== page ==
EEG-Based Communication: Prospects and Problems

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Muscles, Communication system control, Lesions, Electroencephalography, Spinal cord injury, Prosthetics, Degenerative diseases, Multiple sclerosis, Birth disorders, Spinal cord

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Current rehabilitation engineering combines new prosthetic methods with recent developments in personal computers to provide alternative communication and control channels to individuals with motor impairments. Despite these advances, all commercially available systems still require some measure of voluntary motor control. Thus, these systems are not useful for individuals who are totally paralyzed. Electroencephalographic (EEG) activity may provide the basis for a system that would completely bypass normal motor output. EEG-based communication technology might provide assistive devices for individuals who have little or no reliable motor function. This paper reviews the prospects for and problems of EEG-based communication. It summarizes current approaches to development of this new technology, describes the major problems that must be resolved, and focuses on issues critical for its use by those with severe motor disabilities.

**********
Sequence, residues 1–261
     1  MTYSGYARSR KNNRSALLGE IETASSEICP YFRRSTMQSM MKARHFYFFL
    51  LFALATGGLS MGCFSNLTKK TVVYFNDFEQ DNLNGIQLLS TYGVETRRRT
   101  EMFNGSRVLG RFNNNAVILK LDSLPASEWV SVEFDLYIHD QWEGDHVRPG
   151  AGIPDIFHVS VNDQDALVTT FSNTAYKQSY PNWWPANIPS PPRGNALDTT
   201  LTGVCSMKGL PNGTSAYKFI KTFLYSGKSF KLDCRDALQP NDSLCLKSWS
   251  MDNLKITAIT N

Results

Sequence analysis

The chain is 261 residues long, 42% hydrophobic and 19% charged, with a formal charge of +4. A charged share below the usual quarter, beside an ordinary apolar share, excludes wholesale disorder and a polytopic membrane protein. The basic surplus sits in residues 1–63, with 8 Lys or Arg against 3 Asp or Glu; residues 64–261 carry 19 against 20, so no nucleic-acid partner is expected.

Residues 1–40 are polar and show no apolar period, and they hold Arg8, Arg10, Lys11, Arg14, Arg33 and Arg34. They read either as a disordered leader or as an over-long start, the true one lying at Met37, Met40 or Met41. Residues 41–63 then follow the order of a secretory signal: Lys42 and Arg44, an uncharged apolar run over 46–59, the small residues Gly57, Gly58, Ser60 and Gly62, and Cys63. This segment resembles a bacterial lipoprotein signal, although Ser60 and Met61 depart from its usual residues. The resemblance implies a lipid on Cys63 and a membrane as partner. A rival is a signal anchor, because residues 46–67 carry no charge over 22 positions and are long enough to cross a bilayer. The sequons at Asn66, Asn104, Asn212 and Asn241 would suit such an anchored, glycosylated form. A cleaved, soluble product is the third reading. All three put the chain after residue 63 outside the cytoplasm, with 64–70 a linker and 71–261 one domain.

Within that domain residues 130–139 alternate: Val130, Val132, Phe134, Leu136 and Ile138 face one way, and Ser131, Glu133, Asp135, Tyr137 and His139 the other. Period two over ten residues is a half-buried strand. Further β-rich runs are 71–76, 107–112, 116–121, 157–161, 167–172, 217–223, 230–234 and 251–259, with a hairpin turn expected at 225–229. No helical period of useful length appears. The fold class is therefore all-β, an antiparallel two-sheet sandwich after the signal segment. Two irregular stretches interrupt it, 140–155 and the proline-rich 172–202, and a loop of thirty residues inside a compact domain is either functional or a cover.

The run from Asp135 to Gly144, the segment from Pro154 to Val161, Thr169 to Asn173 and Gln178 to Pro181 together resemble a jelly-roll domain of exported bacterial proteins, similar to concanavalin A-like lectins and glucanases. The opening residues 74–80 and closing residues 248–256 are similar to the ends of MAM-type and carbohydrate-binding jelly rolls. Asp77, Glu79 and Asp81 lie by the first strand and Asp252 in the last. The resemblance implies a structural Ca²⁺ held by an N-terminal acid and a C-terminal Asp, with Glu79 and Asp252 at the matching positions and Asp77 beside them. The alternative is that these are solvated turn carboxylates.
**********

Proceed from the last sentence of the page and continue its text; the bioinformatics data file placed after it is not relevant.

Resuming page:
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IEEE Transactions on Rehabilitation Engineering, v. 4, issue 4, p. 425-430